Subject: Re: Bad sectors vs RAIDframe
To: J Chapman Flack <firstname.lastname@example.org>
From: Thor Lancelot Simon <email@example.com>
Date: 06/06/2005 13:06:19
On Mon, Jun 06, 2005 at 11:44:51AM -0500, J Chapman Flack wrote:
> Thor Lancelot Simon wrote:
> > Most IDE drives only spare out sectors on *write* (one must ask: what,
> > exactly, could they do to avoid presenting a read error on read -- and
> If the question wasn't rhetorical, I think the answer is, it's a "read error"
> if the drive had to apply ECC to recover the correct data; then it reassigns
> the block, writes the recovered data to the new block, and returns the
> recovered data to the host.
Right, so, there are two problems here.
First, even if some errors are correctable with ECC, some aren't. Is it
correct for the drive to automatically spare out on an _uncorrectable_
error? If it does so, and the host retries the read, it will get back
a block full of zeroes -- which will cause a particularly ugly kind of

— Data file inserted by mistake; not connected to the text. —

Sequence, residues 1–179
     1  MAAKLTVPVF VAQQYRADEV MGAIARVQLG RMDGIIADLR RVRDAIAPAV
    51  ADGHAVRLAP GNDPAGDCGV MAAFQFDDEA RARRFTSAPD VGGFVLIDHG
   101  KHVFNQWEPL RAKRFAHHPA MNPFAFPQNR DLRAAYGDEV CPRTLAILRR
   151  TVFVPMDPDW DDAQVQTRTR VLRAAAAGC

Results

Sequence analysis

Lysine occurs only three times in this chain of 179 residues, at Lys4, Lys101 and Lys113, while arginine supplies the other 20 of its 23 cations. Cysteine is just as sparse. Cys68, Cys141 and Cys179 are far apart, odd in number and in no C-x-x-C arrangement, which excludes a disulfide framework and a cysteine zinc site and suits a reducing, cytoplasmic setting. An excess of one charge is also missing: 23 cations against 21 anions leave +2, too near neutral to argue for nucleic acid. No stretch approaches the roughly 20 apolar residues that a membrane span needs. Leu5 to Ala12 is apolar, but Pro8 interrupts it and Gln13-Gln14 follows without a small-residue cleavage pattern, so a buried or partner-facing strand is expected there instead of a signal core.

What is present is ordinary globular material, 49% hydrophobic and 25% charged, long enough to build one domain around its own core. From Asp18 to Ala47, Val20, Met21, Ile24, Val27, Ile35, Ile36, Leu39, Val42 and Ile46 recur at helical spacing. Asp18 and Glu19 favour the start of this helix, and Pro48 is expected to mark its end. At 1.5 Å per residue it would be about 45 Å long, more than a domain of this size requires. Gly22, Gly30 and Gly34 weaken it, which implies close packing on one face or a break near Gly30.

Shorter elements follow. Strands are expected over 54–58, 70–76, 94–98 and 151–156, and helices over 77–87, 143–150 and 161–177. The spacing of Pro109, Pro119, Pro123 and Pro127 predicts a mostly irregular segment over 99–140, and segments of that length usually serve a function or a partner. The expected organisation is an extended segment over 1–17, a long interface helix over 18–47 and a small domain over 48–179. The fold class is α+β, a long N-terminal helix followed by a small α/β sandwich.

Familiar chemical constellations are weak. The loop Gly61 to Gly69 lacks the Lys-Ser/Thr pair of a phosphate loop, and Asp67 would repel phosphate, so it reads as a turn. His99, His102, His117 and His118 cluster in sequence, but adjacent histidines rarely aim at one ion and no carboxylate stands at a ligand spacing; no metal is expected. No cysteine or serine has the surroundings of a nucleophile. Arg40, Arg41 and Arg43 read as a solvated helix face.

data corruption in a parity RAID setup.
Given the limited error-reporting semantics available to IDE or SATA
disks, it's probably actually correct for them to report error and not
spare the sector in this case. If the host has the right data, let it
write the data back.
The other problem is that some IDE drive firmware is so cheap that it
knows only two states for sectors: okay or error. So on such drives
it seems to be the case that you're guaranteed that sectors that go
bad, ever at all, will stay that way until you force sparing by
writing them back yourself.
Thor Lancelot Simon firstname.lastname@example.org
"The inconsistency is startling, though admittedly, if consistency is to be
abandoned or transcended, there is no problem." - Noam Chomsky